Don’t forget the graphics chip

Another trend, which can be thought of as “more cores” is the emergence of graphics cards whose processing power can be re-purposed transparently for general computing. Programs like Apple’s Aperture are already doing this, and expect to see it emerge as a Big Deal in 2009.

Why MacBook Pro, MacBook, iMac are limiting

As of late 2008, only the Mac Pro (and XServe) offer more than two cores. The other machines I term dead-end Macs, because improvements in application code still only have two cores to exploit, whereas Mac Pros with 4 or 8 cores have headroom for future improvement in applications, extending their service life.

Limitations to multi-core performance

Memory bandwidth

Memory bandwidth (speed) is a major “bottleneck” with multi-core systems. Think of a garden hose as compared with a fire hose—the fire hose allows a much greater volume of water to pass through it per unit time: perhaps 200 versus 5 gallons per minute.

With memory, it’s gigabytes per second: that’s bandwidth. With the network or internet, it’s megabits per second (8 bits per byte); in all cases it is bandwidth or the size of the “pipe” that places a hard limit on anything that wants to push (write/upload) or pull (read/download) through it.

All CPU cores must share access to the same physical memory and therefore have to take turns to read from or write it. Like the Ladies bathroom at a movie theatre, a long queue can form waiting for access—the cores actually become idle for much or even most of the time that they are allegedly computing; they are forced to wait most of the time for their memory access operations to complete. This is why one can observe full CPU utilization on an 8-core system How, but see only only -0.1X - 1.5X speedup over a 4-core system—the cores are “actively waiting” for memory access. That’s right: memory contention and other overhead can make a 4-core system run faster than an 8-core system. Scalability keeps improving with newer chips and faster memory however.

With a well-engineered program, memory bandwidth is one key reason why an eight core machine might not run any faster than a quad-core machine, or might even run a little bit slower. However, programs that are primarily computation-intensive can show exactly double the performance with eight cores instead of four.

I/O speed

Like memory bandwidth, disk speed or network speed can throttle performance. Any program capable of using all 8 cores might needs a lot of data (think HD video). Other programs are all about computation, and have no such dependency.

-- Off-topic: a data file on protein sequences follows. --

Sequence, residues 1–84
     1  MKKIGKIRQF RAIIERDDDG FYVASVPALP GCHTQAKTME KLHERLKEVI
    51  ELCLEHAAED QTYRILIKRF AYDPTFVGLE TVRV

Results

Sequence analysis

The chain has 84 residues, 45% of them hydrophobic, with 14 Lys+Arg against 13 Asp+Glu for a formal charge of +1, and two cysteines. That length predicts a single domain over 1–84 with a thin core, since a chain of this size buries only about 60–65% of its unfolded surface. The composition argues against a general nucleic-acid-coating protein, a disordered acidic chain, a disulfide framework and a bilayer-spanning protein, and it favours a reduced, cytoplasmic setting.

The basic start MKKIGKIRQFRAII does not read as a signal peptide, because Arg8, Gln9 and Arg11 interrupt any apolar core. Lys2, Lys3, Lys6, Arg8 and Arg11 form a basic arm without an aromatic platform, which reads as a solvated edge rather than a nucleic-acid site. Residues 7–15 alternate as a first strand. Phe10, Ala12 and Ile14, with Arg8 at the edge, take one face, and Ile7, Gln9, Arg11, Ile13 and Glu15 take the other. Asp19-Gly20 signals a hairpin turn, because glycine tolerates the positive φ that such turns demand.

If a disk can read 70MB/sec (a common figure for even a fast laptop hard drive), then a program that needs to read a 400MB file will take a minimum of ~6 seconds to open it, even if it has no computation to do. Using a striped RAID array capable of 400MB/sec would drop that overhead down to one second.

A well-designed program will be able to process data while simultaneously reading from disk, leading to a situation in which the CPU speed has hardly any effect on execution time. This offers huge potential: by making a faster RAID, one can improve performance up to the point where the CPU cores are fully utilized.

The lesson here is to be aware of what’s actually going on with the software you actually run—if it’s limited by disk speed, invest in a faster disk or RAID before considering a faster computer. And sometimes different software is the answer.

Software and scalability

Another multi-core problem is that software today is frequently not written to take advantage of multiple cores efficiently; it is technically challenging to write efficient threaded code that is free of threading bugs (threading bugs are those that result from incorrectly-written threaded code). See Application support for multiple CPU cores.

Threading/threaded means multiple simultaneous “threads” of computation, ideally one or more per CPU core. It’s like having a team of workers, as opposed to a single one.

A highly scalable program will run approximately N times as fast on an N-core system as on a single-core system, at least for reasonable values of N (eg up to 16 cores). Creating a scalable program requires a very high degree of expertise; it is relatively easy to write code that runs efficiently on dual-core systems, runs a little faster on quad-core systems, then shows no further improvement beyond four cores. Adobe Photoshop CS3 is an example of a popular program that scales fairly well to dual-core systems, but shows little improvement on quad-core systems.

Some computing problems cannot be solved in a threaded (parallel) fashion; there are too many serial (ordered) dependencies to allow multiple worker threads to work simultaneously. But the fact remains that most programs are just poorly designed for today’s multi-core world, and that includes popular programs such as Adobe Photoshop CS3, which rarely utilizes more than two of four cores on my quad-core Mac Pro (125% - 200% is typical).

Sometimes it’s just a matter of failure to do anything halfway intelligent. For example, Photoshop CS3’s Save command is not only single-threaded (uses only one CPU core), but it’s modal—it forces the user to wait until the operation completes. There is no legitimate reason that a Save could not be in progress while the user works on another image.